Gunpowder Precision
Gunpowder Precision

Gunpowder Precision

Obviously, every component of a handloaded cartridge is very important.…

Obviously, every component of a handloaded cartridge is very important. However, the only control you exercise over the bullet and primer is in your choosing what kinds to use. The cartridge case and the powder charge you can slightly modify. You can trim the case and even turn the case necks. With powder you have to settle on a charge weight, but just as importantly you need to charge each cartridge case with the same amount of powder. The only way to do this is by measuring the powder charge.

When blackpowder was the only powder shooters used, it was most often measured by volume. Due to the burning characteristics of modern smokeless powders, it should be measured by weight. However, if done carefully, it can also be measured by volume. There are basically four reliable ways to measure a powder charge for a modern cartridge. You can use a manual, balance-beam-type scale, an electric scale, a dipper scale—like the kind that come with Lee dies—or you can use a powder dispenser. All of them are capable of being highly accurate.

The Consistency Key

Regardless how you choose to measure powder charges, it is imperative that they be measured correctly and accurately. This is especially true when using fast-burning powders. Why? With faster burning powders, it takes less powder to show a change in pressure or velocity. For example, while loading a .30 Remington AR cartridge with a 110-grain Barnes Tipped Triple Shock bullet and H322 powder, I found that a powder increase of just 0.2 grain (from 40.2 grains to 40.4 grains) produced an increase in muzzle velocity of 51 fps.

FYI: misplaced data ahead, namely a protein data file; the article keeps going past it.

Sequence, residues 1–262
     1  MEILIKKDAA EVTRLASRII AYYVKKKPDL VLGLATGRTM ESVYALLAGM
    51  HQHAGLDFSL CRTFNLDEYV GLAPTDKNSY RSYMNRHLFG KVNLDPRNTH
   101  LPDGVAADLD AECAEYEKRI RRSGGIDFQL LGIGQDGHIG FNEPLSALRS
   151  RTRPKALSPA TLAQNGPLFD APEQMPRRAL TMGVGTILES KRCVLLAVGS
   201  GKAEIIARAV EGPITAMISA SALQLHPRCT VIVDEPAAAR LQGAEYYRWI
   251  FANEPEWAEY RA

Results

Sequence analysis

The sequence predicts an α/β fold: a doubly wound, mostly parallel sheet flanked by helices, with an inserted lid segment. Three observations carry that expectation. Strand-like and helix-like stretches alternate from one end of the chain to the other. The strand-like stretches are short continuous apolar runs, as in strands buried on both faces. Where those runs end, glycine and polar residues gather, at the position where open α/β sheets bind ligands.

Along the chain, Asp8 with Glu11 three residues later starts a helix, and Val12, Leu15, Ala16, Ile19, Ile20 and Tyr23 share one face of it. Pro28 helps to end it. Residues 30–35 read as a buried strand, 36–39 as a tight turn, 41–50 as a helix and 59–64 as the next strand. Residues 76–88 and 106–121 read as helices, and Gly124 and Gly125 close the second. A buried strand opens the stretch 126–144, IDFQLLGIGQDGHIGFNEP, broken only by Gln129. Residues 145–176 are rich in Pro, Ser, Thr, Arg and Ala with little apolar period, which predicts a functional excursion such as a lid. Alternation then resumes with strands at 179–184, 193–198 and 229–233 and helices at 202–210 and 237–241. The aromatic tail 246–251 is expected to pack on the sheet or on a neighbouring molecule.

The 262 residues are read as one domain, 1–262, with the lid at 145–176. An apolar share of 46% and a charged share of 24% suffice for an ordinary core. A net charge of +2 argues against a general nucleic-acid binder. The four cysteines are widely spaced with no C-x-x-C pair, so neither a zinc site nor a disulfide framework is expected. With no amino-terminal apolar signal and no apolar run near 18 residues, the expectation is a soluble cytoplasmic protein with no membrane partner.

That equates to a 1.7-percent change in velocity due to a 0.005-percent change in powder charge weight. Now, this might not seem like a big of a deal, but consider two things. First, 0.2 grain is a very, very small amount. Second, when you are working in the area of maximum loads, a two-percent increase in velocity and small increases in powder charge weight can very often push pressures above the established maximum for a cartridge. This is potentially dangerous to whoever is pulling the trigger.

On the other hand, an even larger variation in powder may not register a difference on your chronograph at all. For example, when using Accurate 2200 powder—which has a burn rate only slightly faster than H322’s—in combination with a 150-grain bullet to produce a .30 Remington AR load, 35.4 grains of powder produced an average velocity of 2,617 fps, while 35.2 grains of the same powder averaged 2,615 fps.

With respective standard velocity deviations of 11 and 15, these loads were, for all practical purposes, identical with regard to velocity. As for chamber pressure, we can only speculate.
So when it comes to weighing powder charges on a scale or throwing powder charges with a dispenser, consistency is very important. The question is, how can you determine or test consistency?

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